If the regular season was any indication, this should be one of the most evenly matched first-round series. The Raptors and Nets met four times, and while each team took two games, three of the four were decided by four points or fewer. The last meeting, in particular, had a postseason vibe, with Brooklyn forward Paul Pierce calling the Nets' 101-97 victory on March 10 "one of our biggest games of the year."
Storylines abound in this matchup, including the Nets seemingly tanking their way into a matchup with the Raptors as opposed to the Bulls, and Raptors coach Dwane Casey squaring off with a player he coached in Jason Kidd. The most interesting angle, though, might be the age discrepancy. The veteran-laden Nets boast plenty of postseason experience, while the Raptors' starting five features three playoff rookies. Can Toronto's youth and enthusiasm overcome Brooklyn's experience and wisdom?
The Case For The Raptors
Since trading Rudy Gay to the Kings in December, the Raptors are 41-22 -- the best record in the Eastern Conference over that span. The breakout backcourt of Kyle Lowry and DeMar DeRozan poses all sorts of problems for opponents. Casey's team takes care of the ball, ranking 10th in turnover percentage. Up front, big man Jonas Valanciunas can control the boards, and his late-season surge (18 points and 11.7 rebounds per game in April) suggests that he could be a scoring factor down low, too. Overall, balance is the strength of Toronto's game: The Raptors were the only team in the East to rank in the top 10 in offensive and defensive efficiency.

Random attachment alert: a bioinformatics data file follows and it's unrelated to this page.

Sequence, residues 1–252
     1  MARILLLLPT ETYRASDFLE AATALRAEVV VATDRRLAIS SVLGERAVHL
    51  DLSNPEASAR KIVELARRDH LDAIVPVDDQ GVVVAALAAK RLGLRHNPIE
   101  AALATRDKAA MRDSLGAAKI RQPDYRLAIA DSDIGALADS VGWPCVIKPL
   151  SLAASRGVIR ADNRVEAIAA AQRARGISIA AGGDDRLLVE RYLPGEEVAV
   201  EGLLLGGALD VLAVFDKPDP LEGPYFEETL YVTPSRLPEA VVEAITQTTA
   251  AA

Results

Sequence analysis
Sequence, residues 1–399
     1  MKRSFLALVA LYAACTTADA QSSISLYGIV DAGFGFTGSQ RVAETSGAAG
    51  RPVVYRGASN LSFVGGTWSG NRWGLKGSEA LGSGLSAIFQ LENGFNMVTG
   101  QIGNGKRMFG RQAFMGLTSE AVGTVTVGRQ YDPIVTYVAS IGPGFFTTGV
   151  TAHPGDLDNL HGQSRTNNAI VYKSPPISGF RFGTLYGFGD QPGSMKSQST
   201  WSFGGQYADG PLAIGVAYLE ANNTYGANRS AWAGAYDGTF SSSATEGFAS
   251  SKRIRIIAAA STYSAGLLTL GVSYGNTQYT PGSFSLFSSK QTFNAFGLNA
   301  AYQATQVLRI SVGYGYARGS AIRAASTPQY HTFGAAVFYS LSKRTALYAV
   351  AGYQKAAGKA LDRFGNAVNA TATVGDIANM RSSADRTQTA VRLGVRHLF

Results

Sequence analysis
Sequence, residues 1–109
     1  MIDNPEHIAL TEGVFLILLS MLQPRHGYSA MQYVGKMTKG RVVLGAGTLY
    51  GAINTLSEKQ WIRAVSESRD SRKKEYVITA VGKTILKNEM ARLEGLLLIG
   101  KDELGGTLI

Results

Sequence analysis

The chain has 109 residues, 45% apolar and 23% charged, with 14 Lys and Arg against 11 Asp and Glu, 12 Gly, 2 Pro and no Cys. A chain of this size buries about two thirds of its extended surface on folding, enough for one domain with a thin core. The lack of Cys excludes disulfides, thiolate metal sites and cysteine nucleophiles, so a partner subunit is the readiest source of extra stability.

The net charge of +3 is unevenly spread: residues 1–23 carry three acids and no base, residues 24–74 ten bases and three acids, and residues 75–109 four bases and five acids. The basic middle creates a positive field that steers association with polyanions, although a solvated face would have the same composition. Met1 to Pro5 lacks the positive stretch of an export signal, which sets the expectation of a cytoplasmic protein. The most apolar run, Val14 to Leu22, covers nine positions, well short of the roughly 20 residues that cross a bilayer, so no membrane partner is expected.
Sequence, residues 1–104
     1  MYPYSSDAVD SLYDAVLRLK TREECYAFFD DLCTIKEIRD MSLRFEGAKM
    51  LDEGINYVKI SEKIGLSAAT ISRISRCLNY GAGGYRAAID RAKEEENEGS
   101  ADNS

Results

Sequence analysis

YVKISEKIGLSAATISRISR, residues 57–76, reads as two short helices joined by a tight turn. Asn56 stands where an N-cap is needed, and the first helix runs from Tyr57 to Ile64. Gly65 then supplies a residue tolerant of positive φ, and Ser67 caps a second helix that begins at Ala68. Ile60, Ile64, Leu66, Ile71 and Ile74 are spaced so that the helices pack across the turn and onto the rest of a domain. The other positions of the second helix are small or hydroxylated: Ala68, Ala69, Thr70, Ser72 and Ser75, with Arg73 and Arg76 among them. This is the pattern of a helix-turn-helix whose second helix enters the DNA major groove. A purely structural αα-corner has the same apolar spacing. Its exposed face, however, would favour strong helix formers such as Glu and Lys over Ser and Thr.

The Case For The Nets
It's been a tale of two seasons for the Nets. Entering January, the Nets were 10-21 and one of the biggest disappointments in the NBA after their offseason acquisitions of Pierce and Kevin Garnett. But the new year brought new life to Brooklyn. The Nets have posted the second-best winning percentage in the East since Jan. 1 (.667, 34-17), largely on the strength of a new small-ball style, an approach that gave the Raptors fits in their most recent game. "Their lineup is funky, man," Lowry said of the Nets. "When you have Paul Pierce at the 4, it is tough to guard." Brooklyn ranks 29th in rebounding rate, so its ability to pull Toronto's big men away from the hoop could prove crucial.
Brooklyn's experience can't be underrated. Nets players have started a combined 417 postseason games, compiling more than 17,000 playoff minutes. Pierce and Garnett each boast NBA titles, and Deron Williams and Joe Johnson understand the pressure of the NBA's largest stage as well. In a close game, Kidd knows he has players who can hit big shots. Can Casey say the same?
Shaun Livingston. As SI's Ben Golliver recently pointed out, Livingston has been an essential part of the Nets' renaissance. Playing on a minimum contract, the nine-year veteran has been a mainstay of Brooklyn's small-ball lineups, and his length (he stands 6-foot-7) allows him to guard multiple positions on the perimeter. That'll be key against the Raptors' explosive backcourt. The Nets allow 103.2 points per 100 possessions with Livingston on the floor compared to 106.6 when he sits, according to NBA.com. If he can help slow Lowry and DeRozan, the Nets will have a good chance of pulling off an upset.
Nets in seven. The Nets stumbled upon a winning formula in 2014, and their experience will prove decisive against the upstart Raptors. This won't be a cakewalk for Brooklyn -- Toronto is a deeper squad and is playing just as well as Brooklyn -- but you can bet it won't be fazed by the stage.